Silk fragments with floral medallions (Textiles - Room 98, Case 3)
Tang dynasty, late 700-800 AD
Width 12 cm x length 27.5 cm (largest piece)
Museum no. LOAN:STEIN.642 (Ch.00230)
© Victoria and Albert Museum, London
On loan from Government of India and the Archaeological Survey of India
Stein assigned one number to a group of 57 fragments of pattern woven silk, of which two are now in the British Museum. Various shapes and sizes are represented, including long narrow strips, small rectangular and triangular pieces. Four fragments have seams and several have remnants of stitching. It is unclear what the fragments would have been used for. Silks were used for both devotional and more secular use, such as money.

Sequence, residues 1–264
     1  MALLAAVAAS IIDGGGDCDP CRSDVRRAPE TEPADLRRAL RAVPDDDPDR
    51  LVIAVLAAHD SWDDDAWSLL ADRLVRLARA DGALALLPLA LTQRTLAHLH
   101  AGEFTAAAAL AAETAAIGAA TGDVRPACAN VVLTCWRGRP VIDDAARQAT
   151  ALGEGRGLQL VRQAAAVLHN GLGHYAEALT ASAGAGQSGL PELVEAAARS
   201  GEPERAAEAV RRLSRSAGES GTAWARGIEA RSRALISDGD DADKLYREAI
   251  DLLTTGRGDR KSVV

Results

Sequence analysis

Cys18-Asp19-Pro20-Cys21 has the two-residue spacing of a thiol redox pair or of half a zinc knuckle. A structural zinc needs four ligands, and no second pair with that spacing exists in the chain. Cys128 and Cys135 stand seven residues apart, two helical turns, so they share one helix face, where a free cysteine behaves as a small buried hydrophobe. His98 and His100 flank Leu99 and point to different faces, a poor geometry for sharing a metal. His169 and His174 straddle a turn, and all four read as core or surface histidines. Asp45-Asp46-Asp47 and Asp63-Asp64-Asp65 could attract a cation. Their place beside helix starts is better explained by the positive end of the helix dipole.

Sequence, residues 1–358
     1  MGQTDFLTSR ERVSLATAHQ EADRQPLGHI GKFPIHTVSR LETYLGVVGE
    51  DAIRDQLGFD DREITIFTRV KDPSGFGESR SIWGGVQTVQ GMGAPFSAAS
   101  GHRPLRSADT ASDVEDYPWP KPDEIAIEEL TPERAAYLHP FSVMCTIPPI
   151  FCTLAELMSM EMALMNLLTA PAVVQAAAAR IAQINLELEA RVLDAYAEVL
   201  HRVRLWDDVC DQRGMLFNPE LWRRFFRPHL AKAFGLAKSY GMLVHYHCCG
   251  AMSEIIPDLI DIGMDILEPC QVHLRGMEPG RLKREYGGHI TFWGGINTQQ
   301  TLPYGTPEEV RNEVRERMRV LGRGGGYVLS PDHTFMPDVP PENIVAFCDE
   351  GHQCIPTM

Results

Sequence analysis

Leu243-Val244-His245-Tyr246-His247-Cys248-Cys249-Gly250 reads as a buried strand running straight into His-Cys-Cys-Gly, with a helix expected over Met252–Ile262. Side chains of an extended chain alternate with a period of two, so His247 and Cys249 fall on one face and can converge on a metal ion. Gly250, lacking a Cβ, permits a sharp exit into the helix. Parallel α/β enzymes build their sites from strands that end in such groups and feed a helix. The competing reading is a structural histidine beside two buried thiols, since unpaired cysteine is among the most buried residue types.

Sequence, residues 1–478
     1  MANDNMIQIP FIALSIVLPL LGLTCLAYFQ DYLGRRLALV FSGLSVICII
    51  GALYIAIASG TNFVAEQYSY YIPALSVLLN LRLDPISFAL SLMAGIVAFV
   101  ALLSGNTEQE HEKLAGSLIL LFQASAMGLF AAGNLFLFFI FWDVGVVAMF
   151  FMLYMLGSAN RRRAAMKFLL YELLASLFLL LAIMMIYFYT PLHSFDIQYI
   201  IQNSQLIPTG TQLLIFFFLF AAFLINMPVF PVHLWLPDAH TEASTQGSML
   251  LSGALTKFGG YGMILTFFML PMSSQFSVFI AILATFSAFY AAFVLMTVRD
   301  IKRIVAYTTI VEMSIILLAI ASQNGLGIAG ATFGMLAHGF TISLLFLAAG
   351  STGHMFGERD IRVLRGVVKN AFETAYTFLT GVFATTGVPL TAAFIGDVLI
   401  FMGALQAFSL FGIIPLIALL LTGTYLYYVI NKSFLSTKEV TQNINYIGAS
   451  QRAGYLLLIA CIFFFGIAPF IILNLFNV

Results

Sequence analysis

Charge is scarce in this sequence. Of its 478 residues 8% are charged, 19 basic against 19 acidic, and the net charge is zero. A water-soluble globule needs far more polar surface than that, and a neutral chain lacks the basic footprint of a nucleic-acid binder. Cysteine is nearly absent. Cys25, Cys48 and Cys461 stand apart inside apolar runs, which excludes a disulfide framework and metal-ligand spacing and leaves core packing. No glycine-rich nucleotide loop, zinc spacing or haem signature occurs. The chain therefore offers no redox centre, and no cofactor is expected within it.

Putting the fragments together it is possible to reconstruct the pattern, which has a geometric floral design in yellow, pale and dark blue, white and green on a red ground. The naturalistic design favoured in the Tang dynasty has been transformed her into stepped outlines, perhaps the result of Central Asian weavers’ interpretation of an originally Chinese design. Technically, these fragments belong to the Sogdian samite textile group.